Olympics 'continuing as planned' but virus halts Japanese football
Tokyo - Tokyo Olympics organisers said preparations were "continuing as planned" on Tuesday as Japan's football league became the latest sporting victim of the coronavirus, just five months before the Games.
The J-League added to jitters around the Olympics as it called off domestic football until mid-March, starting with seven cup games scheduled for Wednesday, as fears of a pandemic grow.
But Games organisers said cancelling the July 24-August 9 Olympics, which will draw millions of fans and tourists, as well as thousands of athletes and officials, had never been discussed.
"We have never discussed cancelling the Games," said a Tokyo 2020 statement sent to AFP. "Preparations for the Games are continuing as planned."
The J-League postponement comes a day after South Korea's K-league was suspended as COVID-19 spreads rapidly beyond China, where nearly 2,700 people have died. The Chinese Super League is also on hold.
The virus has cut a swathe through Asia's sporting calendar and although the outbreak is expected to slow as temperatures rise, developments in Japan are being closely watched ahead of the Olympics.
J-League chairman Mitsuru Murai called it a "big decision" to temporarily shut down Japanese football, which along with South Korea and China is among the strongest in Asia.
"We have decided to postpone Levain Cup games scheduled for tomorrow and all the official games... scheduled until March 15," he told a news conference.
On Monday, a medical panel advising Japan's government warned that the coming weeks will be "critical" in preventing the outbreak from spreading out of control.
At least 156 people have tested positive in Japan, along with nearly 700 on a cruise ship that was quarantined off the country for two weeks.
Four people who fell ill on the ship have died. Domestically, Japan has reported one fatality linked to the virus.
Japan's tally is a fraction of the tens of thousands of cases and 2,663 deaths seen in China, where the epidemic emerged in the central city of Wuhan.
But officials are exercising caution. Training for Olympic volunteers was suspended over the weekend, and Sunday's Tokyo marathon has been closed to all but elite runners.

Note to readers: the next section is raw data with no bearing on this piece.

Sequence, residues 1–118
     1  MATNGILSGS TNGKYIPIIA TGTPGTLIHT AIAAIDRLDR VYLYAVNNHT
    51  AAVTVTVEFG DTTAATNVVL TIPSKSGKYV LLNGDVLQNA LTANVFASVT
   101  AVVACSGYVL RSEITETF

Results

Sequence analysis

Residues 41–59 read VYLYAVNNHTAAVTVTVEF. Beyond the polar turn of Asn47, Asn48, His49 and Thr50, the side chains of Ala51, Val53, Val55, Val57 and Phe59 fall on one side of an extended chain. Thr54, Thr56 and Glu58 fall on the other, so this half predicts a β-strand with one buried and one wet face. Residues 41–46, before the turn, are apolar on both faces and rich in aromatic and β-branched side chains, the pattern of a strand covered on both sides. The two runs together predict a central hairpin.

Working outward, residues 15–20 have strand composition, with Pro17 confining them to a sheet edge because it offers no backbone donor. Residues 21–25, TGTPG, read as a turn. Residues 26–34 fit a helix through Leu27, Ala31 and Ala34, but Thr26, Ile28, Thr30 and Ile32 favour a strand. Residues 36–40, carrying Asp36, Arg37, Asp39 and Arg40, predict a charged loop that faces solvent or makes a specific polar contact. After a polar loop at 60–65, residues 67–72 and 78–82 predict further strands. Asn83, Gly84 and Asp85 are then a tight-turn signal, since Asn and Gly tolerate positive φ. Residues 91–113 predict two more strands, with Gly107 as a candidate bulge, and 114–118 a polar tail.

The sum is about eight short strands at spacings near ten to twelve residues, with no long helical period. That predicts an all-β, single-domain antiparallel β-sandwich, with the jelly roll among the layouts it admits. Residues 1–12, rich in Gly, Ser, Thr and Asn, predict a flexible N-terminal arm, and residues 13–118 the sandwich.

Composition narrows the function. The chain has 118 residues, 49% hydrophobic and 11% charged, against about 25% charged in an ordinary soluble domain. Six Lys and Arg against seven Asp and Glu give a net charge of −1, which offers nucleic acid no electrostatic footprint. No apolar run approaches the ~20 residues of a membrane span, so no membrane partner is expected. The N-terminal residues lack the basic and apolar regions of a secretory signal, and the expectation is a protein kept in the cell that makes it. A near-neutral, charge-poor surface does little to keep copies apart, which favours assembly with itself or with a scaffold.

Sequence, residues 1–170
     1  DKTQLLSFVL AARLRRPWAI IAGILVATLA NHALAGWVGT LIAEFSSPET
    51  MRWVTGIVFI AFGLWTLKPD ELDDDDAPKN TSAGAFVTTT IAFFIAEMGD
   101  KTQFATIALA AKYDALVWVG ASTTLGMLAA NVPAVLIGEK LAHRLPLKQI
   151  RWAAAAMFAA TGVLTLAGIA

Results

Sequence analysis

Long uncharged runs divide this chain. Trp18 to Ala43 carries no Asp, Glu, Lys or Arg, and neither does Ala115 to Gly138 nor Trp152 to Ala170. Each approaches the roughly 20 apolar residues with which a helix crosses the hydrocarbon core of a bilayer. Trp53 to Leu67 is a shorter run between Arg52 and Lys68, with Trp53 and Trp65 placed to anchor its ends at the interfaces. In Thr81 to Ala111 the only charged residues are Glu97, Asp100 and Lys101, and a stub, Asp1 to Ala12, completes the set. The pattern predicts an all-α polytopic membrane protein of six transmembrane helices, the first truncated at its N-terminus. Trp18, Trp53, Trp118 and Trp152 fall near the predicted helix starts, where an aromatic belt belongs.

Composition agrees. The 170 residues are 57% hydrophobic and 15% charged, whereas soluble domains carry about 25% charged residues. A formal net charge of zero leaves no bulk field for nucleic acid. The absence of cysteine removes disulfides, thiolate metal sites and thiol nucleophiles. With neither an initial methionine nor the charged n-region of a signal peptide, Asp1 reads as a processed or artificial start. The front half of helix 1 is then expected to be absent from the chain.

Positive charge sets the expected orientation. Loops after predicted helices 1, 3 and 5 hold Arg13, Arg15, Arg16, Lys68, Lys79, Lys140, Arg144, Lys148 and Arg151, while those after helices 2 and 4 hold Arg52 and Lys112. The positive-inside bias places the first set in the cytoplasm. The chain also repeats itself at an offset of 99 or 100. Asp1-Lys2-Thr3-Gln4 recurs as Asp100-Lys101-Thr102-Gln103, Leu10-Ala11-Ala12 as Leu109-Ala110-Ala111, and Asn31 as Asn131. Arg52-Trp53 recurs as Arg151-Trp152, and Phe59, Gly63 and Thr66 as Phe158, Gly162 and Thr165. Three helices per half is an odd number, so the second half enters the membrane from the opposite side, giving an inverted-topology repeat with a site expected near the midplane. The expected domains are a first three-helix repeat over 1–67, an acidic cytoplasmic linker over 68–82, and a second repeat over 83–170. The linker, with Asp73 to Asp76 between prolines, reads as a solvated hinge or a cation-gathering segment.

Olympics organisers have repeatedly said they're not considering any changes to the Games, which have been seven years in the planning and are expected to cost 1.35 trillion yen ($12.2 billion).
"I think we are not yet reaching that point," Tokyo governor Yuriko Koike said on Friday, when asked if the schedule was under review.
Earlier this month John Coates, head of the International Olympic Committee coordination commission, also said there was no danger of the Games being cancelled or moved.
"The advice we have received from the World Health Organization is that there is no case for a contingency plan to cancel or move the Games," Coates told reporters in Tokyo.
However, a surge in cases and deaths beyond China has fuelled fears about a potential pandemic, with more than 40 deaths reported globally.
South Korea, the worst-hit country apart from China, suspended the start of the K-league season on Monday, and on Tuesday the world team table tennis championships, scheduled for Busan in March, was also postponed.
South Korean football teams FC Seoul and Ulsan Hyundai will play next week's games in the AFC Champions League, Asia's top club competition, behind closed doors.
Japan has three teams in the competition, but none of them is scheduled to play again until April.
Several Olympic qualifying events are among the long list of postponements and cancellations in Asia, as are Formula One's Chinese Grand Prix and the Hong Kong Sevens rugby.
The Vietnam International Challenge badminton, an Olympic qualifier, was shifted from late March to early June, the Badminton World Federation said on Tuesday.
The disruption has now spread further afield with Italy, which reported its seventh death on Monday, postponing a number of football matches, and playing others behind closed doors.